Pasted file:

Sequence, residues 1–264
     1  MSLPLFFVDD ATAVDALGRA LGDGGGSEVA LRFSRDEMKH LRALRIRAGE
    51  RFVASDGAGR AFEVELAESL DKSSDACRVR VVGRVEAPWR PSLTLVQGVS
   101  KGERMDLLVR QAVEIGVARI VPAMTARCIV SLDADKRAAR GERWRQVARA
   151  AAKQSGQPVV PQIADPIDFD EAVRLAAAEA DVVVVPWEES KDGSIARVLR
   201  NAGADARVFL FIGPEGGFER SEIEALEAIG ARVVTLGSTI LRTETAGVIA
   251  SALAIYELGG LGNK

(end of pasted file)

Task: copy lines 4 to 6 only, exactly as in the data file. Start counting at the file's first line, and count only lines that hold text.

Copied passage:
   101  KGERMDLLVR QAVEIGVARI VPAMTARCIV SLDADKRAAR GERWRQVARA
   151  AAKQSGQPVV PQIADPIDFD EAVRLAAAEA DVVVVPWEES KDGSIARVLR
   201  NAGADARVFL FIGPEGGFER SEIEALEAIG ARVVTLGSTI LRTETAGVIA